Cartridge Cylinder
Diameter “
Length “
Outer Wall
Rear “
Outer Wall
Front “
Wall Rear “
Wall Front “
480 Ruger 1.730 1.780 0.063 0.078 0.135 0.165
454 Ruger 1.730 1.780 0.076 0.088 1.162 0.188

A six shot 45 Colt Blackhawk cylinder has an adjacent chamber wall thickness of 0.060″ so, as indicated on the table, the result of changing to a five shot configuration is major in terms of beefing up chamber support. Additionally, the stop notches are relocated between chambers and not over a chamber’s wall. The 480 Ruger has slightly less cylinder beef than the 454 Casull version because of its increased cartridge diameter, but it operates at 17,000 PSI less pressure. Cylinders for both cartridges handle maximum length cartridges. The 454 Casull’s COL is 1.765″, which clears even 410 Grain Buffalo Bore ammo. The 480 Ruger has a shorter COL at 1.650″ so there is greater clearance.


The base pin components of the five shot Bisley Super Blackhawk differ from other Super Blackhawks in that are heavier sprung and locked in place with a set screw. Neither the 454 Casull or 480 Ruger  base pins bumped out under recoil and fit remained tight throughout.

After shooting a good number of rounds through revolvers with standard Super Blackhawk and Bisley style grip frames, particularly with heavy factory and handloaded ammunition, I’ve found the Bisley grip tends to spread the recoil out and it is more hand filling. The low hammer keeps clear of sights and is much easier to thumb without a major shift in grip. The result is that I can shoot much more accurately with Bisley grips and my hand and wrist don’t take a pounding over the course of long shooting sessions. The Bisley grip form is also commonly found on custom Linebaugh and Bowen hunting handguns when chambered for stout magnum cartridges.

The Ruger Bisley Super Blackhawk rear sight is adjustable for windage and elevation. Each click shifts point of impact 3/4″ @25 yards. The ramped front sight is matte finished and has a serrated face to kill reflection. It is pinned to facilitate blade type and size changes. Through constant live fire, the sights stayed put with the exception of the 454 Casull’s rear sight pin drifting out perhaps 1/16″. It was tapped back in where it remained for the duration. As noted previously, both guns stayed tight. I thought I heard some rattling after a couple hundred rounds, but that turned out to be me.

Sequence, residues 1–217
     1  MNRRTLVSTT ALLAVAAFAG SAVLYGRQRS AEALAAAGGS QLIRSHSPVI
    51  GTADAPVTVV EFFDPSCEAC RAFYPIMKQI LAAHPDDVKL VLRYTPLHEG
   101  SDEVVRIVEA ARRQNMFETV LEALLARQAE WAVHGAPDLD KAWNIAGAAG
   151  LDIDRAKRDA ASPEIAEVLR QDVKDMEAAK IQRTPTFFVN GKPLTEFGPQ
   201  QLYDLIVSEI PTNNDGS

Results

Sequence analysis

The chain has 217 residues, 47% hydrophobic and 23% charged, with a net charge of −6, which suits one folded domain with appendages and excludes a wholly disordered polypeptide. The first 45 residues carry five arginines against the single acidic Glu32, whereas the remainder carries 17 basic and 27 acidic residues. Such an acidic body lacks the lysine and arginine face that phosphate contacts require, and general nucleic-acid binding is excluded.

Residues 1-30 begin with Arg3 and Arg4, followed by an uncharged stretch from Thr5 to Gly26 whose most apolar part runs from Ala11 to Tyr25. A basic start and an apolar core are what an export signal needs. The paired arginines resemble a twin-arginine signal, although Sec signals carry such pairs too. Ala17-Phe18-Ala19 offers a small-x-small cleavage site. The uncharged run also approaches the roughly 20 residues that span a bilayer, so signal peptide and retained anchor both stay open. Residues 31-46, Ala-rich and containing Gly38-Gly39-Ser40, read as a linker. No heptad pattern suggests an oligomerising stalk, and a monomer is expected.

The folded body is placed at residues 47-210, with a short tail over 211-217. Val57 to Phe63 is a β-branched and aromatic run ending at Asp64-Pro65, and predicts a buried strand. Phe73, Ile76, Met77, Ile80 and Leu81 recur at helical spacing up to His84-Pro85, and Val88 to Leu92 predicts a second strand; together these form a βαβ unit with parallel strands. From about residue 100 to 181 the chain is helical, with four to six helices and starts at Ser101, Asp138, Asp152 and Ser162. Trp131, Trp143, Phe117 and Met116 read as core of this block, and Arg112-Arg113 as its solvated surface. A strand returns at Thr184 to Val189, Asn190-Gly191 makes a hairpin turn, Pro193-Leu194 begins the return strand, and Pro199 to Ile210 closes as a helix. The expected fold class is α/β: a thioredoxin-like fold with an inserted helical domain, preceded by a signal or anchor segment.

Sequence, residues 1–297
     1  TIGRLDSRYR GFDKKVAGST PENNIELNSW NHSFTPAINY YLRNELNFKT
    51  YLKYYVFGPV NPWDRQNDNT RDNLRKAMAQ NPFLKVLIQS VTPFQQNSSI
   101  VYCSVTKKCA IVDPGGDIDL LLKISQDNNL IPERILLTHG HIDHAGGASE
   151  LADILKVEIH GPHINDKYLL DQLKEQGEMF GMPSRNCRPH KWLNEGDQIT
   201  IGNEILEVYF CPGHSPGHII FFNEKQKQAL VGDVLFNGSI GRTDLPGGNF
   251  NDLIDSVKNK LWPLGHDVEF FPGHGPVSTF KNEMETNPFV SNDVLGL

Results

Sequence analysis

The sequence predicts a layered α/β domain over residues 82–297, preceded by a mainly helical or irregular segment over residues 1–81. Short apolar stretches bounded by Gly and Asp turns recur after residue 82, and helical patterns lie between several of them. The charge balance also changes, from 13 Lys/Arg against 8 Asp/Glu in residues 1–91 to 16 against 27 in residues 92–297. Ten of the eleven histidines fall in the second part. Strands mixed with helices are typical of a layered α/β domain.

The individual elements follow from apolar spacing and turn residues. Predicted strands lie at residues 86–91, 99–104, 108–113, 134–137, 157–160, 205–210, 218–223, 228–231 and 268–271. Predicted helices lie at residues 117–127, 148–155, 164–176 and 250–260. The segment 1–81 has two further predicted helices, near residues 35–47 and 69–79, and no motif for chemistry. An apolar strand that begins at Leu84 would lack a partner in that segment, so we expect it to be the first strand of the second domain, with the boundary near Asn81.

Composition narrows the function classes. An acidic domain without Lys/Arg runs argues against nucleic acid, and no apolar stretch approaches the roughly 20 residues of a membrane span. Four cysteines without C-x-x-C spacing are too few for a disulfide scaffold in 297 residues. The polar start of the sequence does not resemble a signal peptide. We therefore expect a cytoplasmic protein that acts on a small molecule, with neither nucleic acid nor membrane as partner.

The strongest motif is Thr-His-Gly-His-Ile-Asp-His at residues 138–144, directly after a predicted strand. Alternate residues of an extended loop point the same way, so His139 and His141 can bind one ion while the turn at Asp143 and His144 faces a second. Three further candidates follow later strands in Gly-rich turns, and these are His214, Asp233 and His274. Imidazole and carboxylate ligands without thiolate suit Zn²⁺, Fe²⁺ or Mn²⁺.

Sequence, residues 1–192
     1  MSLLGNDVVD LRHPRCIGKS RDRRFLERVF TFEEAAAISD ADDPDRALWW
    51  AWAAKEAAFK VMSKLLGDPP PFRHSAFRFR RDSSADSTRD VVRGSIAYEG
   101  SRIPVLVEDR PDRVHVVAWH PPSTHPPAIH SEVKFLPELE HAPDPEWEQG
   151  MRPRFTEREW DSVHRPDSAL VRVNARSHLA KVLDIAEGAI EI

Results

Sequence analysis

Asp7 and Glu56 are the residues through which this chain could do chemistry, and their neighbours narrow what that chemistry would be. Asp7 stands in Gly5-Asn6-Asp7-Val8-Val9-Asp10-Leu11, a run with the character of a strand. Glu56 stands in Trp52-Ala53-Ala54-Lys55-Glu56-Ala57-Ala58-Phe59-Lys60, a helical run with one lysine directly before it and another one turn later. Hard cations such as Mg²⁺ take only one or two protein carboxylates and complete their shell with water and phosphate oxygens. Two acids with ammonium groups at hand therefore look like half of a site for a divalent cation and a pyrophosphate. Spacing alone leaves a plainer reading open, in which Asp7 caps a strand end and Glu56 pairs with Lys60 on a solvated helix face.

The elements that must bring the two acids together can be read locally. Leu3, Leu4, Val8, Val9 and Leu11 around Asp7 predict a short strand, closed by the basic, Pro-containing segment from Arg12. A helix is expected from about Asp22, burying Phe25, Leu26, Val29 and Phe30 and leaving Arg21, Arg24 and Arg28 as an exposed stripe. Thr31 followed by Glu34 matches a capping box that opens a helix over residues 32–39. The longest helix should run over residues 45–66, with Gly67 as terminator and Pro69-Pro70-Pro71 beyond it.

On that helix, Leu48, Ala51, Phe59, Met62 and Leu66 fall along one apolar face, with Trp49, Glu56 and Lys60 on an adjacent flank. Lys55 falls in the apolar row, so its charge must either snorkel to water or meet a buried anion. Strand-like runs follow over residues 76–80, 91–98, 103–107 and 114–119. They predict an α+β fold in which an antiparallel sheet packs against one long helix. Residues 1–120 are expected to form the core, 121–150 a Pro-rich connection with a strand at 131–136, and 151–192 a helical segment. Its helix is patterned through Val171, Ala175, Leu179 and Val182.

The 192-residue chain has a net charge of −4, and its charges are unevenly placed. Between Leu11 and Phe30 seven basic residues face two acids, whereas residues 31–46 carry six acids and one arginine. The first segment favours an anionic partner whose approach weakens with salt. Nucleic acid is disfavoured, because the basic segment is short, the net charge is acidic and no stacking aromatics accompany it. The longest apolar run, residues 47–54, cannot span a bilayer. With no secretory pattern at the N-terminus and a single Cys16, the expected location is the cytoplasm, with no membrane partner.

Measureable performance..

The information below was gathered with each gun mounted in a Ransom Rest in an effort to gage mechanical accuracy of the Rugers, rather than gage my eyesight and shooting skills. Several changes needed to be made to the rest’s set up as, in standard form, both Ruger revolvers overpowered the Ransom Rest’s brake and were beating it within an inch of its mechanical life and chewing up expensive grip adapters. The first change was to replace wood screws used for mounting the rest with machine thread screws, load spreading fender washers and lock nuts to prevent the rest from working loose under heavy use and allowing point of impact to shift.

Second, two pounds of soft weight were draped over the top of each revolver’s frame, which dampened recoil induced rotation. The weight cut movement to less than 60% of the rest’s full travel and allowed the rest to settle consistently after each shot. Adding weight to the rest’s clamping plates to increase resistance would have caused the less restrained gun to tear up the rest’s soft grip adapters. Weight placed on the revolvers barrel would have stressed the barrel threads, possibly causing damage and certainly adversely influenced accuracy. I apologize for wandering off into the wilderness, but I wanted to define accuracy test conditions and approaches.